# Difference between revisions of "Recursion"

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[[Category:Concepts]] | [[Category:Concepts]] | ||

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= Overview = | = Overview = | ||

''Recursion occurs when a function calls itself directly or indirectly''. | ''Recursion occurs when a function calls itself directly or indirectly''. | ||

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In (2) we used pattern matching in the function clause to detect the case N == 1. Essentially the function clause gives us a first level if or case for free, so we can easily avoid lines as in (1). | In (2) we used pattern matching in the function clause to detect the case N == 1. Essentially the function clause gives us a first level if or case for free, so we can easily avoid lines as in (1). | ||

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## Latest revision as of 08:36, 2 September 2006

# [edit] Overview

*Recursion occurs when a function calls itself directly or indirectly*.
The classic example of recursive programming involves computing factorials. The factorial of a number is computed as that number times all of the numbers below it up to and including 1. For example, factorial(5) is the same as 5*4*3*2*1, and factorial(3) is 3*2*1.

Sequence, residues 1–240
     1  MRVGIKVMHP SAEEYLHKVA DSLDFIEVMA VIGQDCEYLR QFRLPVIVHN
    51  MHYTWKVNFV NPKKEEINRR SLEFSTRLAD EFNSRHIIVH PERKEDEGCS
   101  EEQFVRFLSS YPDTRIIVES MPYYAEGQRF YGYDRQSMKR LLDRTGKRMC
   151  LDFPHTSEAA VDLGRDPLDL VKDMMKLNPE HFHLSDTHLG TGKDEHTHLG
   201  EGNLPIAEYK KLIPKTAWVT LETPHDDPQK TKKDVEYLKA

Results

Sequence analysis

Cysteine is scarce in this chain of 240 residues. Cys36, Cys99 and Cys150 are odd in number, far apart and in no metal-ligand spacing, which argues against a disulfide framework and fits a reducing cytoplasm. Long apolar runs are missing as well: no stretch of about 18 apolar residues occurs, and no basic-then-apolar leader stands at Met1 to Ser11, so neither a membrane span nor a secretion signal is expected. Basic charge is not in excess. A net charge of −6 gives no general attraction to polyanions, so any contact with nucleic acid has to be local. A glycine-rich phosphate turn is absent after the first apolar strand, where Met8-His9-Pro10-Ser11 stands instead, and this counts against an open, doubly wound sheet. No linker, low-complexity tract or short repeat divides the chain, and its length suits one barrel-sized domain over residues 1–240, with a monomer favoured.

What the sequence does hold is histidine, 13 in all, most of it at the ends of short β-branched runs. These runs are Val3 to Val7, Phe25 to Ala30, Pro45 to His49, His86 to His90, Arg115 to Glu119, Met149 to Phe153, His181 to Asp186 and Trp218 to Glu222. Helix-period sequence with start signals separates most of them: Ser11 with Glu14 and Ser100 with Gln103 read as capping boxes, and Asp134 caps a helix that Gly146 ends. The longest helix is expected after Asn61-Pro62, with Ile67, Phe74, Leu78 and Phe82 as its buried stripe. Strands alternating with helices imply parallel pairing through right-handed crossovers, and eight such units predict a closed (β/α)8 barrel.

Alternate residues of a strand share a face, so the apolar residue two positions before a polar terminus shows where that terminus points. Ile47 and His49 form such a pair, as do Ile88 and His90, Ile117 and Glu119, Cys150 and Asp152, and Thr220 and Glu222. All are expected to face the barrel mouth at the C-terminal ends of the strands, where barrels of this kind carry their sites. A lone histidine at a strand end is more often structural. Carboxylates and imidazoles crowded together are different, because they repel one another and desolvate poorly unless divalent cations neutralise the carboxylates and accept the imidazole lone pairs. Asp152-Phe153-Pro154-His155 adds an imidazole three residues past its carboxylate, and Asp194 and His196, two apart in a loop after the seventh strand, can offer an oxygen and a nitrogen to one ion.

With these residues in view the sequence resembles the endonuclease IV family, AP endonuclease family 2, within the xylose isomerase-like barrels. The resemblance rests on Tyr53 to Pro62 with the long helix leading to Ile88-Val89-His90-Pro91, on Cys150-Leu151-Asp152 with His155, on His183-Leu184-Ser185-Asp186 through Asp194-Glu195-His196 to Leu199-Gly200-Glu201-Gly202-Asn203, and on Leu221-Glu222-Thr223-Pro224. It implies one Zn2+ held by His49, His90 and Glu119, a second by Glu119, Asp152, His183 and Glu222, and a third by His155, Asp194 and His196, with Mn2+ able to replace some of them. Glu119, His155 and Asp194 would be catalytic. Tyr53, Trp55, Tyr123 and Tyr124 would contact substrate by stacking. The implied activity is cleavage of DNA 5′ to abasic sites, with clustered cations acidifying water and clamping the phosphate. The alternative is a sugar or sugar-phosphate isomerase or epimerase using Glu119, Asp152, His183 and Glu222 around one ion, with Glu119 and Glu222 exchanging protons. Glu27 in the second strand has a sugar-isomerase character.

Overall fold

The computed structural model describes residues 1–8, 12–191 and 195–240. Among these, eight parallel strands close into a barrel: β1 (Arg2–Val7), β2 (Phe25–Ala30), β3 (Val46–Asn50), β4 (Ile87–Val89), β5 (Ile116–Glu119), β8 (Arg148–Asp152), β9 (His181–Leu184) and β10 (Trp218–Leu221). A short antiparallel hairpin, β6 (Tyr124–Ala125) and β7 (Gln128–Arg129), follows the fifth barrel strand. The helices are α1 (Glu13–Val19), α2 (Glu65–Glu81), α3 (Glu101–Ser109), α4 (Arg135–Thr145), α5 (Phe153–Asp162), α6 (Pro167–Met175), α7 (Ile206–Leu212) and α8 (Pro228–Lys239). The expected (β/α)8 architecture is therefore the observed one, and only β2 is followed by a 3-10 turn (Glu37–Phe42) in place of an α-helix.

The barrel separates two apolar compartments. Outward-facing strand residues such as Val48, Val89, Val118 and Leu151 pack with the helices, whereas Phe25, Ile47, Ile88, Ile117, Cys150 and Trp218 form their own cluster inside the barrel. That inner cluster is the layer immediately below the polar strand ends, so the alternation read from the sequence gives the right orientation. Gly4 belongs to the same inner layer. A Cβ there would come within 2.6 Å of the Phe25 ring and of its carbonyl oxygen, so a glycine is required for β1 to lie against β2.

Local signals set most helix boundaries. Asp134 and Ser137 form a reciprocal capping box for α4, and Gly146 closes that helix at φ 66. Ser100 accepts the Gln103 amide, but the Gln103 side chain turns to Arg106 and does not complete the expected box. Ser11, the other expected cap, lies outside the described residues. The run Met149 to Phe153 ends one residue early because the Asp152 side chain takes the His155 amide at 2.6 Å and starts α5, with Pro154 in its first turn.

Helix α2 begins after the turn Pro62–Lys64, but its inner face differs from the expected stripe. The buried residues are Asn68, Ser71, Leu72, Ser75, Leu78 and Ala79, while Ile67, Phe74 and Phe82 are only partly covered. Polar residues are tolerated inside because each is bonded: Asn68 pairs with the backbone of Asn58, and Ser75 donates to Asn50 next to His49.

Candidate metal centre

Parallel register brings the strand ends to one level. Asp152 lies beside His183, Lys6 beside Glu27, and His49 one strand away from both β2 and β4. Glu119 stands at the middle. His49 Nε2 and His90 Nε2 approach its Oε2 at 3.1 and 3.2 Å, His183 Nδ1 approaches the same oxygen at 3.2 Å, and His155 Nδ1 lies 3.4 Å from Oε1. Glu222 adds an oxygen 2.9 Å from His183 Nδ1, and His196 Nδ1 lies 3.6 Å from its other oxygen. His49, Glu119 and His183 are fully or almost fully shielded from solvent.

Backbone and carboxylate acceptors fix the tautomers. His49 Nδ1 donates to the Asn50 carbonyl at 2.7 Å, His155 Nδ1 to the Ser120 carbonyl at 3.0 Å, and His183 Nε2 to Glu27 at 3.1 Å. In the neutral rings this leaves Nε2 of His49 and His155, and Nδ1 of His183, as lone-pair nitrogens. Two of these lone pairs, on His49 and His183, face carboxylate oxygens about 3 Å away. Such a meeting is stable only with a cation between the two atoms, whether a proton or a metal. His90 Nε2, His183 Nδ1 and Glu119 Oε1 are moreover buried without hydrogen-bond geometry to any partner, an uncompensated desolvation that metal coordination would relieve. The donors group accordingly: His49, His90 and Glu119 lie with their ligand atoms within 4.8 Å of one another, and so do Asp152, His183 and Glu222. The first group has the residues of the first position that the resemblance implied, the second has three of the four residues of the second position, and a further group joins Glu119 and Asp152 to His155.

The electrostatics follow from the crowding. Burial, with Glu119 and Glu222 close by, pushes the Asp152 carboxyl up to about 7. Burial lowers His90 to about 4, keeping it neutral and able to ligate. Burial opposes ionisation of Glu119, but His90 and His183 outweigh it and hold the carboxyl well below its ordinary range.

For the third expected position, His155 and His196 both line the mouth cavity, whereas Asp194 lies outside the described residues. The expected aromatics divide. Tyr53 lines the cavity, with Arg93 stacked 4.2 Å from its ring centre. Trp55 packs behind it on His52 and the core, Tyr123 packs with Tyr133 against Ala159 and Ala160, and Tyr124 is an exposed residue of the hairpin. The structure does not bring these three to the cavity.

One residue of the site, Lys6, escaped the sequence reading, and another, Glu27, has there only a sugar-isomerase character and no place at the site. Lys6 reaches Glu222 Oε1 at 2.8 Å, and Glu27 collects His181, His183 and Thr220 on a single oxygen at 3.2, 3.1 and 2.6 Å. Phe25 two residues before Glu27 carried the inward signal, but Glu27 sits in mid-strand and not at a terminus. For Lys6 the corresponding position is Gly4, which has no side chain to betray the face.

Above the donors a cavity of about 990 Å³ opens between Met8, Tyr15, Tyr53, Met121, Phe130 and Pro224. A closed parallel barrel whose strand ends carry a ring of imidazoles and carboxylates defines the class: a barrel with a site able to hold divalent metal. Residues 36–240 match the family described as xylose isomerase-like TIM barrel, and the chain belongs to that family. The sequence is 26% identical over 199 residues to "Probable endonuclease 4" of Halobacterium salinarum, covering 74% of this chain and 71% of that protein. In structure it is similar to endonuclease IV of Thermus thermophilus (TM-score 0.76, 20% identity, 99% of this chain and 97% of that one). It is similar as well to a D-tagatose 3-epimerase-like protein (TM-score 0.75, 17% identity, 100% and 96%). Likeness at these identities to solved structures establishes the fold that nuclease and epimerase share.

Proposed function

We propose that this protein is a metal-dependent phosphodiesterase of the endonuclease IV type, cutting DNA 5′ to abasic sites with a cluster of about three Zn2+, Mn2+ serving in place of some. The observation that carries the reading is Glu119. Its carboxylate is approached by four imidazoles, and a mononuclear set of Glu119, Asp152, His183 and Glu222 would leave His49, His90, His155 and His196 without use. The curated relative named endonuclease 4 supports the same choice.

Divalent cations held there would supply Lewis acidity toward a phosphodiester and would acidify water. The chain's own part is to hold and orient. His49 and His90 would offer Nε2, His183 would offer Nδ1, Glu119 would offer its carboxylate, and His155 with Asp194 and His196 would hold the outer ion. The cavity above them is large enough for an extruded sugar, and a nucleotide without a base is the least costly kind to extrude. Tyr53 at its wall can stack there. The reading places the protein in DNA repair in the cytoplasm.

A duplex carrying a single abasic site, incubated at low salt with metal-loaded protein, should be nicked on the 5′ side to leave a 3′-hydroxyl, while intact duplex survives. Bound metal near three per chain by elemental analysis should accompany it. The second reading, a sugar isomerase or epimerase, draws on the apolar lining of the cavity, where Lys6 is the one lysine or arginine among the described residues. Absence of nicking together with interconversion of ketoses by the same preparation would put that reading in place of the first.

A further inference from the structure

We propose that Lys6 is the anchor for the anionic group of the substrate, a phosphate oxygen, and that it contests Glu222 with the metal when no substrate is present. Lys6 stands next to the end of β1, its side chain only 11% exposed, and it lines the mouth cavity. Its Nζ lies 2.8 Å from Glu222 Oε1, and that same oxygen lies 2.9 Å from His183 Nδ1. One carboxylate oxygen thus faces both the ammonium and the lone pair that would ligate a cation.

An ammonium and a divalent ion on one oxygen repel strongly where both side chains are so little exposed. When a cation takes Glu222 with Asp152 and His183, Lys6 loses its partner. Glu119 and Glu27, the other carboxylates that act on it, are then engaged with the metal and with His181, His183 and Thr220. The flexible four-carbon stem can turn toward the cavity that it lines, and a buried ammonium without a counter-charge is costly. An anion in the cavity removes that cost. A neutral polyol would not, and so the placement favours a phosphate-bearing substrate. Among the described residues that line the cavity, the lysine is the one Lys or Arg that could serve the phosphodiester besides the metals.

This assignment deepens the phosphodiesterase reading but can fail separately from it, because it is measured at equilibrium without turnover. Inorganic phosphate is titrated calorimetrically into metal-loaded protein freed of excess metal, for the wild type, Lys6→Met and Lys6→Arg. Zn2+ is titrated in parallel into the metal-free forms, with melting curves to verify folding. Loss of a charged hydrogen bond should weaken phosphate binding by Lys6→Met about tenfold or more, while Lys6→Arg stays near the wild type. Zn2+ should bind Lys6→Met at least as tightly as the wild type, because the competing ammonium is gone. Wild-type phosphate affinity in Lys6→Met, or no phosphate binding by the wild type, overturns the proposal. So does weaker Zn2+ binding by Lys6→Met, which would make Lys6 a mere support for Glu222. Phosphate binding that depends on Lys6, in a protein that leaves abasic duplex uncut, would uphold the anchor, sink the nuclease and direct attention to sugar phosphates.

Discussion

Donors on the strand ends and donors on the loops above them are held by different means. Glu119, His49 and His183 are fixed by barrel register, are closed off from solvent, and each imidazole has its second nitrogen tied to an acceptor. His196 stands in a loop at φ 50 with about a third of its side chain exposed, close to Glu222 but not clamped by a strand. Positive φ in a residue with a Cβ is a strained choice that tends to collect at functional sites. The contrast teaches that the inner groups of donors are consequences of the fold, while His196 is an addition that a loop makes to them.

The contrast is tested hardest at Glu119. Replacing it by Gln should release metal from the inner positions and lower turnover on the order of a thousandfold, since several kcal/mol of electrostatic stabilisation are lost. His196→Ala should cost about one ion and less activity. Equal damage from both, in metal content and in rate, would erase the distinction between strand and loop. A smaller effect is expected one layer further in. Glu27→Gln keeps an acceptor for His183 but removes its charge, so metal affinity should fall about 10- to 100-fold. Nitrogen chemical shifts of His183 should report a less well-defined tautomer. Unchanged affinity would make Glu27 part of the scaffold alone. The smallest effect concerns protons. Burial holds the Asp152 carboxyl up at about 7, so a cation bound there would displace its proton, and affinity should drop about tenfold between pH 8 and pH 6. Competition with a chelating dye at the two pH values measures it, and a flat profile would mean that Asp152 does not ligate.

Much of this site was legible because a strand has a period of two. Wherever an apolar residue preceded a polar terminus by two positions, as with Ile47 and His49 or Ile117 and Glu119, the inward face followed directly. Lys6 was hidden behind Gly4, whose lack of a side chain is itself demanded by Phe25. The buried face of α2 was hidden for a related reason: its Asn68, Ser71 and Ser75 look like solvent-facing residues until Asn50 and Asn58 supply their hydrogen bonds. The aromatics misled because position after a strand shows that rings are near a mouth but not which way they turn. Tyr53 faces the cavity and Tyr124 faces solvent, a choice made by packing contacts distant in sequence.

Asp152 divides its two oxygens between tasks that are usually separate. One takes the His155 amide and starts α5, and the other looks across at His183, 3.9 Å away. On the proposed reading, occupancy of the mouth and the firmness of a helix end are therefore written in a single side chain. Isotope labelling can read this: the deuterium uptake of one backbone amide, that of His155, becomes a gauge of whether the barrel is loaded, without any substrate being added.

An interesting property of a factorial is that the factorial of a number is equal to the starting number multiplied by the factorial of the number immediately below it. For example, factorial(5) is the same as 5 * factorial(4). You could almost write the factorial function simply as this:

factorial(N) -> N * factorial(N-1).

The problem with this function, however, is that it would run forever because there is no place where it stops. The function would continually call factorial. There is nothing to stop it when it hits zero, so it would continue calling factorial on zero and the negative numbers. Therefore, our function needs a condition to tell it when to stop. Incidentally, when this function hits 0, the answer would become 0 and be 0 forever afterwards. This is incorrect.

Since factorials of numbers less than 1 don't make any sense, we stop at the number 1 and return the factorial of 1 (which is 1). Therefore, the real factorial function will look like this:

factorial(N) -> case N of 1 => 1; N -> N * factorial(N-1) end.

As you can see, as long as the initial value is above zero, this function will terminate. The stopping point is called the base case. A base case is the bottom point of a recursive program where the operation is so trivial as to be able to return an answer directly. All recursive programs must have at least one base case and must guarantee that they will hit one eventually; otherwise the program would run forever or until the program ran out of memory or stack space. The function above does not utilise the pattern matching power of Erlang however, so we rewrite it as:

factorial(1) -> 1; (2) factorial(N) -> N * factorial(N-1).

In (2) we used pattern matching in the function clause to detect the case N == 1. Essentially the function clause gives us a first level if or case for free, so we can easily avoid lines as in (1).